Regulating Medical Marijuana Dispensaries
Friday, April 30, 2010
GLORIA PENNER (Host): Earlier this week, a City Council committee delayed voting on a number of recommendations for medical marijuana dispensaries in San Diego. The public safety and neighborhood services committee will discuss the recommendations again at a meeting in late May, after it hears feedback from the city attorney and the independent budget analyst. KPBS reporter Tom Fudge is here to give us an update on the recommendations that were discussed. So Tom, what were some of those key recommendations?
TOM FUDGE (KPBS Reporter): Well these were recommendations that they got from the medical marijuana task force, which has been working on this medical marijuana dispensary issue for quite a long time and there were a number of them. First of all the task force is recommended to the City Council and to the Public Safety Committee that the city collect a fee from these medical marijuana dispensaries for cost recovery. One has to assume that the city is going to have to spend some money regulating these places, so that was one thing they talked about. They talked about verifying, they recommend that city find a way to verify nonprofit status. According to the California attorney general, medial marijuana dispensaries need to be nonprofit. They’re not supposed to be making a lot of money on marijuana. So how do you do that, is one question that came up. They have recommended that the city pass an ordinance saying these dispensaries cannot employ people under the age of 18. So no employing minors. Also, and I find this one interesting, they have recommended that the city outlaw doctor consultations at medical marijuana dispensaries. In other words, lots of dispensaries today or a number of them actually have a physician on site where you can walk in and the doctor can say “Oh what’s your problem? Oh yeah you need medical marijuana. And here’s the medical marijuana.” And it sounds like the taskforce wants to make that illegal in San Diego.
PENNER: So, they’re actually, you know cleaning up the act. And all of this came from this taskforce?
FUDGE: The medical marijuana taskforce, yes. And it’s been meeting for, well I’m not sure how long, about a year. But, it includes people who are in law enforcement, people who have run marijuana dispensaries, and they’re trying to find a way to regulate these dispensaries and recommending ways to do it. Now they are building on the work that some other cities have done. Cities like Oakland, like San Francisco already have laws on the books to say this is how these dispensaries are going to be managed. And so, they can base some of San Diego’s law on that as well.
PENNER: Well you know these recommendations I have to say all sound pretty reasonable to me. So why do they decide to delay their vote on the recommendations?
FUDGE: Well they had some legal questions about a couple of things. First of all nonprofit status, how does a dispensary prove that it is a nonprofit? Medical marijuana dispensaries are not allowed to file as 501(c) (3)s under federal law. Because, under federal marijuana is a controlled substance, it’s an illegal drug, so they can’t be 501(c) (3)s. So how do you prove it? How do you prove you’re a nonprofit? Does the city have to do an audit of these places? So they sent that to the city attorney to ask, well how should we deal with this? Also, the business of not allowing dispensaries to employ people under the age of 18, is that even legal? To say to a business, you can’t employ 17- year-olds. Those were some of the questions they had and that’s why they didn’t make a decision on these recommendations.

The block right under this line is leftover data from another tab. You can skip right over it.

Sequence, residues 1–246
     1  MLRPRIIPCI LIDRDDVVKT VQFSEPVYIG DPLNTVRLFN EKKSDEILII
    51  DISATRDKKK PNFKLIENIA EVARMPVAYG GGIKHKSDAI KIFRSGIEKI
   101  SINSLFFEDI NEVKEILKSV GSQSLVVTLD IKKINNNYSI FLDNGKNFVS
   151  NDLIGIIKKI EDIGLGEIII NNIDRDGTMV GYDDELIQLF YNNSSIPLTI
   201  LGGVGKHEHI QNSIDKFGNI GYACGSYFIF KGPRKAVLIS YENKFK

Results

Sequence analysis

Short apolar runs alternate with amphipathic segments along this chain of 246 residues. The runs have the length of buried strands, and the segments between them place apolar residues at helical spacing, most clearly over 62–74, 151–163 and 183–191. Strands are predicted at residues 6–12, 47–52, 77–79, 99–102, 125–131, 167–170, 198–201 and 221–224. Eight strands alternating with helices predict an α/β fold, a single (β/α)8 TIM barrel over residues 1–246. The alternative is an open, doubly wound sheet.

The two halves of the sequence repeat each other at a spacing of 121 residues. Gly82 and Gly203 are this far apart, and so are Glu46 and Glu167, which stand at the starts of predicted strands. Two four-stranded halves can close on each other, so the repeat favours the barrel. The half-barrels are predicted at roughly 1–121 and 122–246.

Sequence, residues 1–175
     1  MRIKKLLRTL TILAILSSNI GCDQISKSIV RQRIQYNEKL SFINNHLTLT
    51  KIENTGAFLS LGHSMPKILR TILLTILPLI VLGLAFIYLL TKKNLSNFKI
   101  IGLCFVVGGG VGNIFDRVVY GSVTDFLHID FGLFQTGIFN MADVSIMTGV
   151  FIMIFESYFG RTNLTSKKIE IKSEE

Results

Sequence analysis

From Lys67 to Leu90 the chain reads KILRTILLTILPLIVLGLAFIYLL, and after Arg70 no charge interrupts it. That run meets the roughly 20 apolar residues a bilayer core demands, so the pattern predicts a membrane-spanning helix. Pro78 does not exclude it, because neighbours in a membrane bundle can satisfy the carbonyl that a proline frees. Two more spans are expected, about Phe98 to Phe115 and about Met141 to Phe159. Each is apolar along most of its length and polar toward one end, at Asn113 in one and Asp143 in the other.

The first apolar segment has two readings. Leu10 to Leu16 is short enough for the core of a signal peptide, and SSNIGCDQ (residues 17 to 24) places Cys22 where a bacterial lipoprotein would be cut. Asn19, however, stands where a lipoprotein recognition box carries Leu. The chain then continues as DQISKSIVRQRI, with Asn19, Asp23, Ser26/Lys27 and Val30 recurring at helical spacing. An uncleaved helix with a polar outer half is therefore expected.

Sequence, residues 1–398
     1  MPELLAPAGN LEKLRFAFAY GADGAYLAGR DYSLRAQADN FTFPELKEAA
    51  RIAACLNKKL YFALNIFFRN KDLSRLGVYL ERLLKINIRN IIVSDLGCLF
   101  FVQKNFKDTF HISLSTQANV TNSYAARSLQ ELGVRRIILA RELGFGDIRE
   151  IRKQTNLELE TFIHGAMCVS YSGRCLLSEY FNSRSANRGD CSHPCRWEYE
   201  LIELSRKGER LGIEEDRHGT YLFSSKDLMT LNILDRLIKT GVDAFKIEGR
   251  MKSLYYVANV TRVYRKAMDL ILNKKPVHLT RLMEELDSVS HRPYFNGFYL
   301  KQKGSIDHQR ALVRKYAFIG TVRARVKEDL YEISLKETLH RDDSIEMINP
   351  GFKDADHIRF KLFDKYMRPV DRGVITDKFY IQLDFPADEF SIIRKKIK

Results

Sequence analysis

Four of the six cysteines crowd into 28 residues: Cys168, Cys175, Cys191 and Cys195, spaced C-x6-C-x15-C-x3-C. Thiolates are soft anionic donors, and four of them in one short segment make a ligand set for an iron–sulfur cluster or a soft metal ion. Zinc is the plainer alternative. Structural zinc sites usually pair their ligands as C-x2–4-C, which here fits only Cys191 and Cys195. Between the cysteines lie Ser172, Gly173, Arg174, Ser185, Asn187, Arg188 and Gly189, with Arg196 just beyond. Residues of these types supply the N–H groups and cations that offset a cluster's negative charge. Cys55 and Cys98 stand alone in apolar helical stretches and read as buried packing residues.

PENNER: Well, it’s good that they’re bringing in the city attorney, I mean that’s why he’s here for, right?
FUDGE: That’s what I’m told, yeah. That's what he's there for.
PENNER: But the city's land use committee, a different committee, they did approve a different set of recommendations. So, what were those recommendations?
FUDGE: Yes they did. Well land use is, of course about how you use the city's land, and some of the questions that came up there were, how many medical marijuana dispensaries can you have in the City of San Diego? Where are they supposed to be located? What are they not supposed to be right next door to? And what they came up with, and the committee did approve these recommendations, is to say that these dispensaries cannot be located within 1,000 feet of a school, a park, or another marijuana dispensary. And that last thing that I find very interesting because in some parts of San Diego today you find some blocks where you’ll have dispensaries right next to each other and that will not be allowed if the city council adopts these recommendations.
PENNER: So finally Tom, just briefly so when is the full council expected to decide?
FUDGE: Well that’s a good question and I don’t know. But about a month and a half ago, I talked with the head of the neighborhood services committee that approved the land use stuff and he expects that we are going to have some kind of ordinance on how to manage these marijuana dispensaries by the summer. Don’t know what it’s going to say exactly.
PENNER: Something will be there.
FUDGE: But something will be there, that’s his expectation.
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